Shahryar Nashat - Parade,   2014 - Still from video,   38 min,   color/sound

Shahryar Nashat – Parade, 2014 – Still from video, 38 min, color/sound

Parade (1917) was a ballet réaliste conceived by Jean Cocteau with scenographic designs by Pablo Picasso, choreography by Léonide Massine and composition by Erik Satie. Adam Linder’s reinterpretation of “Parade” was premiered at HAU in Berlin in 2013 and later on visual artist Shahryar Nashat made a film of Linder’s version, which was shown, among the others, during the 8th Berlin Biennale and at Palais de Tokyo in Paris.

Francesca Verga in conversation with the Adam Linder and Shahryar Nashat.

Francesca Verga: At the Hebbel am Ufer in Berlin I saw Adam Linder’s reinterpretation of Jean Cocteau’s ballet Parade (1917), which carried on the idea of a collaboration – between dancers, choreographers, musicians – so that these people can gather their work up into the practice. Could you tell me more about this process of transferring knowledge? How much Parade is changed under these connections and contributions and now differs from the first idea you had in mind?

Adam Linder: Parade as conceived by Jean Cocteau was a collaborative affair. So in reinterpreting this work, I took his strategy as a model and collaborated with people who were in my immediate artistic context, artists that were relevant to my thinking. My wish was not to unify the decision making in relation to the separate theatrical elements (i.e. costumes, scenography etc), but to have my Parade as an umbrella piece for aspects of Shahryar Nashat’s (scenography), Tobias Kaspar’s (costume) and my practices (choreography). Both Tobias and Shahryar worked with ideas that were already existing in their work, so Parade became a container for the three of us to work inside of. This idea was pushed further when Shahryar decided to reproduce the work for film.

FV: Two managers that were the best living example of cubism sculptures by Picasso’s fantasy are now skilfully transformed in minimalist garish green dodecagons. I think it is interesting how these concepts are translated, almost one hundred years later, in order to build up the same plot. The original Parade’s script by Jean Cocteau, scenography by Pablo Picasso, choreography by Leonide Massine and composition of Erik Satie, seems reinterpreted through another language – as if the story has been played, rather than reconstructed. In which way does this process affect your practice and work?

AL: Played rather than reconstructed is a great way to think about. In fact its exactly what I wanted to do. Reconstructing as a mode, in my opinion, gives too much authority to history and as a contemporary art modality exposes that artist’s wish to profit on historical references . I was fully aware of this kind of historical gold mining when making Parade, but by making a very subjective reinterpretation I was playing the Cocteau script with all the audacity that the queer nature of the original work calls for. I felt by taking liberties, by being a bit frivolous with the reference, this was actually the most honest homage I could make to this work; whilst hopefully also putting forward my own craft.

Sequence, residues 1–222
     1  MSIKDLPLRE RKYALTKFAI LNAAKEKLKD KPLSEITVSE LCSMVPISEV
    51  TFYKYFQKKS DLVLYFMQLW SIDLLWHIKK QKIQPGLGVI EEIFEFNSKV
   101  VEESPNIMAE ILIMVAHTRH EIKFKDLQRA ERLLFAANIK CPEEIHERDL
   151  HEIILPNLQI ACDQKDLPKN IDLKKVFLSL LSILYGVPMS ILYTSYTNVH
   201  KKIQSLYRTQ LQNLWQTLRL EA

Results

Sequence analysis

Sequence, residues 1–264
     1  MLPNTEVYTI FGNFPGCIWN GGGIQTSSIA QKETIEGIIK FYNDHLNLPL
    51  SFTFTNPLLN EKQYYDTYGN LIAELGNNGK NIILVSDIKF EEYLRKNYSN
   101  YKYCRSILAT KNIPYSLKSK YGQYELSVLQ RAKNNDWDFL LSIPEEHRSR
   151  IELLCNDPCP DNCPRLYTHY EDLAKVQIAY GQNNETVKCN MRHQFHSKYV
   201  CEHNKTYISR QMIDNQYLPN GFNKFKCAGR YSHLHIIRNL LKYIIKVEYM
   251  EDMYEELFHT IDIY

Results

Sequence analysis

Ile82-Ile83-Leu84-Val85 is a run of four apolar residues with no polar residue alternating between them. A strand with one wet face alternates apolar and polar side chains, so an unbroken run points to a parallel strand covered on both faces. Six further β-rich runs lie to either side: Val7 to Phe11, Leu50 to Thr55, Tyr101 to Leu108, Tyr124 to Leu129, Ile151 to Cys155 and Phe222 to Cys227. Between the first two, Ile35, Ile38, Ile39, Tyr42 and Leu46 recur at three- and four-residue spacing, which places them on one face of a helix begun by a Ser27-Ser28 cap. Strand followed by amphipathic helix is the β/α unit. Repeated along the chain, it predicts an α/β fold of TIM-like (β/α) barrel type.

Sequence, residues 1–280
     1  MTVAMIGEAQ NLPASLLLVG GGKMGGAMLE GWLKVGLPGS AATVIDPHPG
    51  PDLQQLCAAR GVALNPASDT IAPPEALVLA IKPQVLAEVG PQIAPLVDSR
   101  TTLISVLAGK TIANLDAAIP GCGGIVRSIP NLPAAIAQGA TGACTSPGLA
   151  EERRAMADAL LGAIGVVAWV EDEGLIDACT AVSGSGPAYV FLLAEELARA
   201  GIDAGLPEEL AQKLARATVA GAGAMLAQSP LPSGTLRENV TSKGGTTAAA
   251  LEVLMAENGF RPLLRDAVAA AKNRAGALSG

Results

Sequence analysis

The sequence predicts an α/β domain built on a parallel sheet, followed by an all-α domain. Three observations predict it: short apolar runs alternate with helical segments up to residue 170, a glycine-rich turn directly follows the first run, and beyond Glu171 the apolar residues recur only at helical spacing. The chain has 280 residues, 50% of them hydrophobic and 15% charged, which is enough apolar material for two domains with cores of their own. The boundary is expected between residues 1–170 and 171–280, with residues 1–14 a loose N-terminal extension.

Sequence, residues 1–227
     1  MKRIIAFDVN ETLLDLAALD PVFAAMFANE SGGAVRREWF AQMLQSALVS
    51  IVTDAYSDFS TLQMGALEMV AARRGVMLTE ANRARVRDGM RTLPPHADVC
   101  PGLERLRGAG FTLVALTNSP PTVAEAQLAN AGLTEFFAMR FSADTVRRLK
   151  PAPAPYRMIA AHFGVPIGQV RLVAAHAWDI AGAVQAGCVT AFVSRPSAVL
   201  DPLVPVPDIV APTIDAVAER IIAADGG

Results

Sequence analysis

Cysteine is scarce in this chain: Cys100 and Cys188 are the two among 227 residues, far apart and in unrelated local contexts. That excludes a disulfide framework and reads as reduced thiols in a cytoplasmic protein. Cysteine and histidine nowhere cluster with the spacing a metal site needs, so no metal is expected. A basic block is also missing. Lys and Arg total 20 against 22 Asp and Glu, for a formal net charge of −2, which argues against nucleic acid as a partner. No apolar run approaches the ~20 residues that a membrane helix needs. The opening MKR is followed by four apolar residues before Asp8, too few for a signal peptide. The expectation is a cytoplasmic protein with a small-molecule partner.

FV: In your stage design one can see the publicity and branding in today’s stage. Which kind of branding do you aim to address?

AL: Parade is a publicity parade for three performers selling a theatrical performance. So in my thinking, I was always working with the question of ”what would be this kind of publicity parade one hundred years later in 2013?” Corporate branding is all over the ”stages” of today, we see this in shopping malls, on youtube and all over our consumer goods.  Additionally I was addressing an often undiscussed idea of branding in independent theatre. The Staatsballet in Berlin does corporate collaborations with Adidas, but the independent scene of the HAU Theatre where I premiered the work generally regards itself as outside this kind of market. However every work they do is completely branded with the logos of the city or state government department who funds the work. Of course this is a different kind of branding than Adidas, but actually not that different. All cultural production today is branded, its hard to escape this.

FV: Therefore mediation, branding and communication have become the makers of the piece itself. But communication is also something that makes a difference between the two managers, now that they have been merely transformed into the same green dodecagons. Is communication used in the piece to question corporate branding but also the self? How?

AL: Yes I was thinking about this branding from two angles – corporate and self-branding. Corporate in the sense that my Parade is situated in front of a marble facade that is monogramed – so my theatre front looks a bit like a luxury store or a millennial cultural complex. Regardless of the fact that Parade exists in an independent theatre house, I was thinking about the absorption of all kinds of performance into our corporate lives. And then self-branding appeared in the way the three performers invest in (consciously) performing stereotypes and mimetic gestures that exemplify their characters, hopeful that the audience will be appreciative and buy the show.